Monday, April 20, 2015

UPDATE: Toddler Drowns in Kuna Canal

Posted By on Mon, Apr 20, 2015 at 3:39 PM

UPDATE: April 21, 2015

Investigators confirmed that the victim of an April 20 drowning, an 18-month-old boy, had been among a group of young children playing near a Kuna canal. When a family member noticed that the child was missing, they began a search. A short time later, the toddler was discovered in the water and was not breathing.

A family member began CPR and a call to 911 was logged at 1:15 p.m. The child died a short time later at St. Luke's Meridian Medical Center.

ORIGINAL POST: April 20, 2015

Ada County Sheriff's deputies have the unfortunate task of investigating the death of a toddler who fell into a canal Monday afternoon.

Law enforcement was summoned to the 7500 block of Ten Mile Road in Kuna just after 1 p.m. That's where an 18-month-old boy had fallen into a canal. Emergency responders rushed the child to a local hospital, but officials announced a short time later that the boy had died.

The incident remains under investigation.
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Tuesday, April 14, 2015

Study: Too Many Hungry Idaho Children

Posted By on Tue, Apr 14, 2015 at 11:44 AM

A new study out today by Feeding America confirms what too many Idahoans know already: that an increasing number of men, women and children are going to bed hungry in a number of regions across the Gem State.

According to the survey, pushed out by the Idaho Food Bank, a stunning 15.6 percent of Idaho's population doesn't know where their next meal will come from. The percentage is even worse—21.1 percent—when it comes to Idaho children experiencing food insecurity.

“Even as the economy improves, food insecurity is not diminishing in most areas of our state. The need for our services has yet to see a decrease," said Idaho Foodbank CEO Karen Vauk.

Some of the highest percentages of families experiencing food insecurity were found in Madison County (21. percent) and Lemhi (10.7 percent), Shoshone (19.5 percent) and Adams (19.1 percent) counties. For children, some of the hardest hit counties were Lemhi (29.8 percent), Adams (2.6.4 percent) and Shoshone (26 percent) counties.

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7-Year-Old Shot by Another Child in Eastern Idaho Incident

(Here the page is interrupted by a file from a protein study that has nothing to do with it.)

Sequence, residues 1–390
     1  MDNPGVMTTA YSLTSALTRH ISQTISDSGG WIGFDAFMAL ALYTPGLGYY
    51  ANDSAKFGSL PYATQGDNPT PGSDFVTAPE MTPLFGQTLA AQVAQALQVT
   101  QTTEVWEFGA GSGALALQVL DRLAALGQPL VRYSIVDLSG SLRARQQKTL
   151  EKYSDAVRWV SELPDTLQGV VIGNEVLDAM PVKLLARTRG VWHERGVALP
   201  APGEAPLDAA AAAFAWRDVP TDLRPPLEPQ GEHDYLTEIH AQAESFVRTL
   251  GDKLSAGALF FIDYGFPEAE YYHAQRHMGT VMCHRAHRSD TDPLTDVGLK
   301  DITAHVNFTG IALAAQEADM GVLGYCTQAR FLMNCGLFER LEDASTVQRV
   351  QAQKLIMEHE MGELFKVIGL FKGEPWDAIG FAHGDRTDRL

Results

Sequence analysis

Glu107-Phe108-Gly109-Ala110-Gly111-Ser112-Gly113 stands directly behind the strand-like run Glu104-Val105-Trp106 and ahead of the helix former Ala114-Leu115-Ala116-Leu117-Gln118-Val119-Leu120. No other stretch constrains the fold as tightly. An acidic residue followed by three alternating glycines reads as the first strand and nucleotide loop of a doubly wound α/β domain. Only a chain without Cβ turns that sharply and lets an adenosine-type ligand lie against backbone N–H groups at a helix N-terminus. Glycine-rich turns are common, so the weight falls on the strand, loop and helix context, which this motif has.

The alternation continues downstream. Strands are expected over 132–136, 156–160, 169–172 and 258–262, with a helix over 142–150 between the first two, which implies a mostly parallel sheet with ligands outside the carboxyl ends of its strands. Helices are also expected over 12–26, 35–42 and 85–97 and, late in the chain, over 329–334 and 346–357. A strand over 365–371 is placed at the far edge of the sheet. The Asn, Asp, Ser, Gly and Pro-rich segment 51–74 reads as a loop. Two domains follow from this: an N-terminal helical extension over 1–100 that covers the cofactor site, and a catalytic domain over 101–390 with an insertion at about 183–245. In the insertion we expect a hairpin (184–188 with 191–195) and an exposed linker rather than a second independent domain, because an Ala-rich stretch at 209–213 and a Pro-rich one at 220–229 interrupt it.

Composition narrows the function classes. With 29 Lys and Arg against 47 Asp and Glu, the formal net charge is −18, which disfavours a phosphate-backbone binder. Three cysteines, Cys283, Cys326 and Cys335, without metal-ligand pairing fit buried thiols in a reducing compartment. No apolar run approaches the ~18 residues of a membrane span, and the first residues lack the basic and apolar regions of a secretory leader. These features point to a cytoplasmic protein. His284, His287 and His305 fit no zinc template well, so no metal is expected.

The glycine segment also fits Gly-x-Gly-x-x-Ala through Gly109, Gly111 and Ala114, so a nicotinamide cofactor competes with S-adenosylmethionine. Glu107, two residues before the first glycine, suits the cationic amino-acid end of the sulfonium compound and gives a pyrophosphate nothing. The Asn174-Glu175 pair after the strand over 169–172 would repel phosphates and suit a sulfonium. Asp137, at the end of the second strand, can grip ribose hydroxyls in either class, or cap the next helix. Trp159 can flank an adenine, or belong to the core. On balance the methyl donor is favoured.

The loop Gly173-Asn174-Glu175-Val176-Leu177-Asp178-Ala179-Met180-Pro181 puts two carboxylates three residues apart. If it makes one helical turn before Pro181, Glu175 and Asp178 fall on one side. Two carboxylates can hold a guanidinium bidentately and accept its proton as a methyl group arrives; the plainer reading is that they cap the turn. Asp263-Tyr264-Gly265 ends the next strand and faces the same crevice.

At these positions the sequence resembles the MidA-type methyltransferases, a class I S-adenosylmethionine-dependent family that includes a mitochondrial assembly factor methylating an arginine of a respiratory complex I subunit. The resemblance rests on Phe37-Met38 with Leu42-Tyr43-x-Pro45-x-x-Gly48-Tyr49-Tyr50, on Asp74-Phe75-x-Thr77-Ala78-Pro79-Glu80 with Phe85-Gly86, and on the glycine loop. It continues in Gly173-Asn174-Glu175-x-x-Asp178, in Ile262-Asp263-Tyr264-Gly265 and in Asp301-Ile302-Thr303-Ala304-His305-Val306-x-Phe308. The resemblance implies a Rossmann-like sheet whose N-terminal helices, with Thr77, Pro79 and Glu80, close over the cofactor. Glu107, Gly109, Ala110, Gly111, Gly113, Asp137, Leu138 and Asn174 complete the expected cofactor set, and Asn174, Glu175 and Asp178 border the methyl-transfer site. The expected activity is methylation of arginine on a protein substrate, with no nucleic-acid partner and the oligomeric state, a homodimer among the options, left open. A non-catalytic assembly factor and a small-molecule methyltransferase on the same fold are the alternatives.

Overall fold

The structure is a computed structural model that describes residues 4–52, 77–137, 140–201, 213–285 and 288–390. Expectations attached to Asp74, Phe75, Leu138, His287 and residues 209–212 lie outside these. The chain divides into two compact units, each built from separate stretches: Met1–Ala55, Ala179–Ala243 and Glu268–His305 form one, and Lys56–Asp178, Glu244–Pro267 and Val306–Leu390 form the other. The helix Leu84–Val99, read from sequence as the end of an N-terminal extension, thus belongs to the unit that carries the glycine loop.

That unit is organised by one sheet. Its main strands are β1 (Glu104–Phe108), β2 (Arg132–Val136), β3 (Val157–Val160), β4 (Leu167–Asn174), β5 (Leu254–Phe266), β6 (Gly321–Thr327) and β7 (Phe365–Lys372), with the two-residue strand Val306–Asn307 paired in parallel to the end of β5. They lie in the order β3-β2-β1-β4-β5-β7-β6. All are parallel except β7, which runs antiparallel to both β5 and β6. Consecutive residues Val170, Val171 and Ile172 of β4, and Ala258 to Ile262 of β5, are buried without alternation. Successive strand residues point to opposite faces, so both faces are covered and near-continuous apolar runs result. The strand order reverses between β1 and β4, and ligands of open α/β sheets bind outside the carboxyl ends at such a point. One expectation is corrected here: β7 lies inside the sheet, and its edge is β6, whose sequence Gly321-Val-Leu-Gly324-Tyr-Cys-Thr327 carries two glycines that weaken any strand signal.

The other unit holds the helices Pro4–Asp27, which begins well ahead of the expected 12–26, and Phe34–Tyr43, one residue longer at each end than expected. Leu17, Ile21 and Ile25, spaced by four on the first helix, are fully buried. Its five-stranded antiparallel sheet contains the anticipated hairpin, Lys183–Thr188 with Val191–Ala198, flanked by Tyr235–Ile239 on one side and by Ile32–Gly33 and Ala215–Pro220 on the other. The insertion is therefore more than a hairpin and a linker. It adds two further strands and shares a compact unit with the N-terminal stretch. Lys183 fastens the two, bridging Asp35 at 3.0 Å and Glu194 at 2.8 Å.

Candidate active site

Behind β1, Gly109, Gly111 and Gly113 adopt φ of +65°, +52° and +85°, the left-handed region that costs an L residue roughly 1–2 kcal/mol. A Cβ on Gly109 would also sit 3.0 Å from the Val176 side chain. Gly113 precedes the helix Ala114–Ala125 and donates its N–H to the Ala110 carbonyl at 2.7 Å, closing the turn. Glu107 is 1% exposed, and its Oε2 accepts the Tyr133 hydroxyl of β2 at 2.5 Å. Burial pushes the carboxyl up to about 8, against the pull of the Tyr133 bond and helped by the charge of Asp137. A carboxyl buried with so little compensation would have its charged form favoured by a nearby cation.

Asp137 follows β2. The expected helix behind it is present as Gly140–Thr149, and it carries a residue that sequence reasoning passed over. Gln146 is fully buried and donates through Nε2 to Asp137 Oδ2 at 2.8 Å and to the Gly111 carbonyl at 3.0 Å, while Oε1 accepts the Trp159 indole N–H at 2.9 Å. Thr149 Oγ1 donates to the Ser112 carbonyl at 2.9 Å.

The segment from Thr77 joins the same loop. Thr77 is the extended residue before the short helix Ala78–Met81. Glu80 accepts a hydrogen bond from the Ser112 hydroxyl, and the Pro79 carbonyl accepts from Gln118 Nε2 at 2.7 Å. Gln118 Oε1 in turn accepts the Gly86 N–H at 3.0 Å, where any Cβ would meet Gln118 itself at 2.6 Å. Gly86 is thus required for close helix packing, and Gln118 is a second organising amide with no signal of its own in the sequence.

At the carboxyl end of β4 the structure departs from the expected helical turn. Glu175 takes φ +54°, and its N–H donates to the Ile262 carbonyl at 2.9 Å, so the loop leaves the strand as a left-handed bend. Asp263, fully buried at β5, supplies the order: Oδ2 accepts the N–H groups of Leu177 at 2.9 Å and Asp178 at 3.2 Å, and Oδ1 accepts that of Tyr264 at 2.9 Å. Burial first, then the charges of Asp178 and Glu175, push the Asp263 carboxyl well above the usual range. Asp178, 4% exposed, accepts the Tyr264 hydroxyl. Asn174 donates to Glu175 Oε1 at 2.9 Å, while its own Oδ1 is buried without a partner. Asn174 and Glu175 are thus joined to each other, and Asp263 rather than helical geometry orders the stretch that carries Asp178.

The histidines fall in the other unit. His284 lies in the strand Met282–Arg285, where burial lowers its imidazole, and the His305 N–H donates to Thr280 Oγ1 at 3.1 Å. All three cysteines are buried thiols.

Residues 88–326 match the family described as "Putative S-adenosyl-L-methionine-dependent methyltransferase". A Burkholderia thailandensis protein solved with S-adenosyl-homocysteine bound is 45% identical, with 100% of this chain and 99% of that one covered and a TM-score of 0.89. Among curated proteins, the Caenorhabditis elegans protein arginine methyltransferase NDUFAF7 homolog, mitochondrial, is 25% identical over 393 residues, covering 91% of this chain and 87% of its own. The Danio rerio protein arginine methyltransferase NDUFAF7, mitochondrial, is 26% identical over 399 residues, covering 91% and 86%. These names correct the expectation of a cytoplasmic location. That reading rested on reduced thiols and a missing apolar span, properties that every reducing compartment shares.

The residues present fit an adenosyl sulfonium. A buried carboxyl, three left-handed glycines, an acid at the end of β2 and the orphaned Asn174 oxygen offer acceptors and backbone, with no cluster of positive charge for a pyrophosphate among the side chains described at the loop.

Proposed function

Posted By on Tue, Apr 14, 2015 at 9:34 AM

Eastern Idaho law enforcement are investigating an early morning shooting of a 7-year-old. Bingham County Sheriff's deputies say the child was shot in the left arm by a 9-year-old. The sheriff's office was contacted early today by Harms Memorial Hospital in American Falls, which reported that the 7-year-old had been brought in to the hospital's emergency room.

KPVI-TV is reporting that officers determined that the 9-year-old was moving a blanket which was covering a .22 caliber firearm when it discharged. The parents had already transported the shooting victim to the hospital prior to the Sheriff's office being contacted.

While an investigation continues, the Bingham County Sheriff's Office says its treating the shooting as an accident.
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Video: Dance Teacher Charged With Assault of 8-Year-Old Autistic Performer

Posted By on Tue, Apr 14, 2015 at 9:31 AM

Things got a bit out of control backstage at a recent dance recital in Spokane.

KXLY-TV reports that a dance teacher is now facing child assault charges after witnesses said she hit and choked one of the dancers before the show. Worse yet, the dancer is 8 years old and autistic. The accused, Cynthia Hamilton, later told police that she restrained the child and slapped her to get into focus. According to police, the instructor said she was worried that the child was having a seizure because her eyes were not focused and she was foaming at the mouth.

But witnesses told a different story, and police said they interviewed the child and have photos of injuries that indicate bruising, swelling and scratches on her arms, face and body.

Hamilton is charged with second degree assault.

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Sunday, April 12, 2015

UPDATE: War of Words Ignites Among Idaho GOP In Wake of Defeat of Child Support Measure

Posted By and on Sun, Apr 12, 2015 at 2:27 PM

UPDATE:  April 12, 2015

Factions of the Republican majority are blasting one another in the shadow of the defeat of a child support measure in one of final acts of the 2014 Idaho Legislature.

One side, voiced by Boise GOP Rep. Lynn Luker, was against the bill, saying the media had it all wrong when it focused on comments from another legislator who linked the proposal to Sharia Law. But another side, voiced by Coeur d'Alene Rep. Luke Malek, said the scuttling of the bill was "heavy handed opportunistic theatrics."

One day after the GOP-led defeat of Senate Bill 1067, which was designed to bring Idaho in line with federal regulations on child support payments, Luker pushed back against numerous media reports that some members of his party were uncomfortable with the bill's alignment with agreements from the Hague International Recovery of Child Support and Family Maintenance.  In particular, Cottonwood Republican Rep. Sheryl Nuxoll pointed to countries listed in the international treaty "that have recognized Sharia courts as quasi-courts."

"A few citizens who testified at the hearing raised concerns about SB1067 leading to enforcement of Sharia law in Idaho, which ended up as the major focus in news article. That was not the reason for holding the bill." wrote Luker, in a press release that was pushed out April 11th by the Idaho House Majority Caucus. "The bill and treaty have serious risks and flaws."
But Coeur d'Alene Republican Rep. Luke Malek fired back against Luker's comments. Sending out his own communique on April 12th, Malek, who is also a former deputy prosecuting attorney for Kootenai County, pulled no punches.

"Representative Luker does not speak for Idaho or me. Scuttling SB1067 without debate was heavy-handed opportunistic theatrics at the expense of single-parents and children, the most vulnerable in our society," wrote Malek. "I do not support the erratic behavior that will lead to the dismantling of our child support system, nor the implication that this mockery of a legal analysis in any way represents our Republican caucus."